Just another embarrassing sight this morning, though I can say that it’s less disgusting than yesterday’s tutorial on swapping out a disposal guard. My guest room/walk-in-closet has become a dumping ground for… everything.. There you have it, people… I’m one of those girls whodumps dumps everything without a proper home into the one unused room of the house. It’s not really a secret, but it usually doesn’t make it in the shot. Wink, wink. I’m honestly surprised that my mom hasn’t chimed in on a comment blowing my cover.
Things are going to change though, because I finally decided to turn the room into an informal office… slash walk-in-closet. Can’t lose the closet. Unless I lose the clothes and shoes.
The wall of IKEA shelving was still in it’s original spot, used to store shoes and sweaters on the exposed shelves, and paperwork beneath. I downgraded to an old baby travel iron a few months ago after our nice one spontaneously combusted after making more business cards. It’s kind of pathetic, and the whole ironing board is taking up a ton of space.
The overhaul I’ve been envisioning involves a 360-degree change. Well, no. A 270-degree change, because I’d like to rotate how most of the room is arranged to maximize the natural sunlight and wall space in the room. More to come on that as I experiment with the plan. One thing I’ve already done is scour each and every old Domino, House Beautiful, Home & Garden, etc publications that I never threw away; they take up a lot of space, because I’m glad I have them because they were still loaded with inspiration.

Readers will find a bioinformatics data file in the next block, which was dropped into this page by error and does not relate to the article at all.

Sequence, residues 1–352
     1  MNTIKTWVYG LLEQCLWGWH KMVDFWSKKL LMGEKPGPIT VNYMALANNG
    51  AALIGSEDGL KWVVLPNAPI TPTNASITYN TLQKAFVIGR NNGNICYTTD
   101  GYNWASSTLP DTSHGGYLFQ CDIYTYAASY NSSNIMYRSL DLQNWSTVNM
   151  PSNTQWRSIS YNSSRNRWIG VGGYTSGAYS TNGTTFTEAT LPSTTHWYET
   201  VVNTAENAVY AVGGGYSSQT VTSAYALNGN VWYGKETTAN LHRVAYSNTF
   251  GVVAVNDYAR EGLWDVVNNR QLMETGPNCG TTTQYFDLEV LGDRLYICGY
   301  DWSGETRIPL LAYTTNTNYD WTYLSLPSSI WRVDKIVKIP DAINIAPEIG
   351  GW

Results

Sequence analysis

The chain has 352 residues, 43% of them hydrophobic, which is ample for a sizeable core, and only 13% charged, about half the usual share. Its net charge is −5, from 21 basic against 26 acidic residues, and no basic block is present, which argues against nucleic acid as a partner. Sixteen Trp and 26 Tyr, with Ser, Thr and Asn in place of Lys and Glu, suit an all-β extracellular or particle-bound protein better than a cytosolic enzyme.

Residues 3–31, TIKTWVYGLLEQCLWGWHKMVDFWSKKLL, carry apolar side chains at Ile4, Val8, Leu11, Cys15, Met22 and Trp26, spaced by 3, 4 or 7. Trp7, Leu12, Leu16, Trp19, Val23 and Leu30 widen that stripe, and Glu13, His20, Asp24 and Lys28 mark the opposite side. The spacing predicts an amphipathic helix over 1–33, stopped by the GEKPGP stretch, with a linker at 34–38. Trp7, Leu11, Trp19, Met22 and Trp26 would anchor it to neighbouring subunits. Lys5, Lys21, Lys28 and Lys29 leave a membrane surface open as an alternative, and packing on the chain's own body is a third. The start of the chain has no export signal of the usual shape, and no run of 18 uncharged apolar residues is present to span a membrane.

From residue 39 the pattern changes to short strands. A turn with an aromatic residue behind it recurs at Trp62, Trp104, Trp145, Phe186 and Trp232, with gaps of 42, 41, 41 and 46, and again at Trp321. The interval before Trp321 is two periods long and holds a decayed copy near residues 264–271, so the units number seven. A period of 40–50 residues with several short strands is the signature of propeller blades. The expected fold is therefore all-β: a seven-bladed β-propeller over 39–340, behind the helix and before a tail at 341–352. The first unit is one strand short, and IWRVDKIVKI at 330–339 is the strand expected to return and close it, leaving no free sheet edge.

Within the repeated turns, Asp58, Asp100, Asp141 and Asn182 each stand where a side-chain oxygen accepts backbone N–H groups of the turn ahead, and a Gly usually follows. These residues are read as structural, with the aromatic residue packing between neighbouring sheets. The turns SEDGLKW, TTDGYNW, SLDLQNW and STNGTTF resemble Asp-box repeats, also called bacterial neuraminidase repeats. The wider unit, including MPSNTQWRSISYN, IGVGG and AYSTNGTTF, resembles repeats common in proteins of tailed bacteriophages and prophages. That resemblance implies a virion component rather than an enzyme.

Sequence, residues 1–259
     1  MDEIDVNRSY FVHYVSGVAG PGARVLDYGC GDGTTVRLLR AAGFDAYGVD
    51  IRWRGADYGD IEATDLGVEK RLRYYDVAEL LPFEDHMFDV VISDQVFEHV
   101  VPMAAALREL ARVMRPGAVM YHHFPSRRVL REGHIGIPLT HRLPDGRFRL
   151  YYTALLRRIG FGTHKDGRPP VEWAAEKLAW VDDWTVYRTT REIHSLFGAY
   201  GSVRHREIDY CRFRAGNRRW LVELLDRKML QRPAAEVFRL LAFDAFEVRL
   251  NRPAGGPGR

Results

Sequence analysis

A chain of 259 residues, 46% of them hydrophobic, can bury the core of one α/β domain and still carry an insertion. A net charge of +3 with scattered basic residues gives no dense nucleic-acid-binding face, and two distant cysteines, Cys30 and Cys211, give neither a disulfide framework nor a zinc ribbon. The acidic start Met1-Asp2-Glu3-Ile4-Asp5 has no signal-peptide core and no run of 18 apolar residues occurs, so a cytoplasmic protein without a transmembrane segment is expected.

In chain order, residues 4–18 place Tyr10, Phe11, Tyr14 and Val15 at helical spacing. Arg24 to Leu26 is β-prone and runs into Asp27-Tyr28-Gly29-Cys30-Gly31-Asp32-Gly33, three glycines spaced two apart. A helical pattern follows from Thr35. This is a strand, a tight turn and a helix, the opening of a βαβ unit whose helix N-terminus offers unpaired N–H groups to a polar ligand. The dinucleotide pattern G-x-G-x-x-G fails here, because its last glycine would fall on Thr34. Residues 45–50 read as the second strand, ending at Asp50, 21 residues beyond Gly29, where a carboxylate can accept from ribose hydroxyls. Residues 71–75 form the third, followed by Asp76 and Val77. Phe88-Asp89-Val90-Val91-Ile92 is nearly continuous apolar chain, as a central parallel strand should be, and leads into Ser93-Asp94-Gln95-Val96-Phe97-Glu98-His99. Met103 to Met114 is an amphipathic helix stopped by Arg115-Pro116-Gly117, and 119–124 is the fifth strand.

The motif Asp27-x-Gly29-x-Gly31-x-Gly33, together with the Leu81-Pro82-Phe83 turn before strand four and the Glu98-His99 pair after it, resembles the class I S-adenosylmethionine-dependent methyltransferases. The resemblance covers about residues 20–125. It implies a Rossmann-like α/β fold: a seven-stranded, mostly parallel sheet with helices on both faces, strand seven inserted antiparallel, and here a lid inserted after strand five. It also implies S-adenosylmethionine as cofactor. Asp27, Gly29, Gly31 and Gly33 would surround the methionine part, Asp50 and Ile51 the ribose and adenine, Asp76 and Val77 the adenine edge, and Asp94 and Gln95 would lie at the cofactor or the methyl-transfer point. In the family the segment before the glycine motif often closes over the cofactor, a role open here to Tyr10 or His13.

Bet you haven’t seen a non-photoshopped idea board in awhile, eh? I was happy to use one of my IKEA SPONTAN magnetic boards that I bought a few months ago to organize my ideas. (Sidenote: SPONTAN is great in the kitchen; individually they measure 14.5″ x 30.75″ which is exactly the size of the side of my upper cabinets, so one of these boards helps to conceal the oak side panel that I’m not crazy about in a really utilitarian way.)
The images I cut from each magazine began to take on a certain theme that allowed me to retain the light walls and bright ceiling, but infuse the space with more color and functionality that it’s currently lacking.
The cactus on the rare wood on the radiator has been an image long stuck in my skull; I was happy to find that I had it in print still. Up it went. I was also vibing with the natural tones in these wreaths and pouf (oh, to have lots of office poufs).
Same goes for the next set of images; how cool is that wooden storage tower, and how pretty are the light links in the bottom two pictures? The dog watercolor makes me happy. Not sure I could make something like that featuring Cody, but I could try.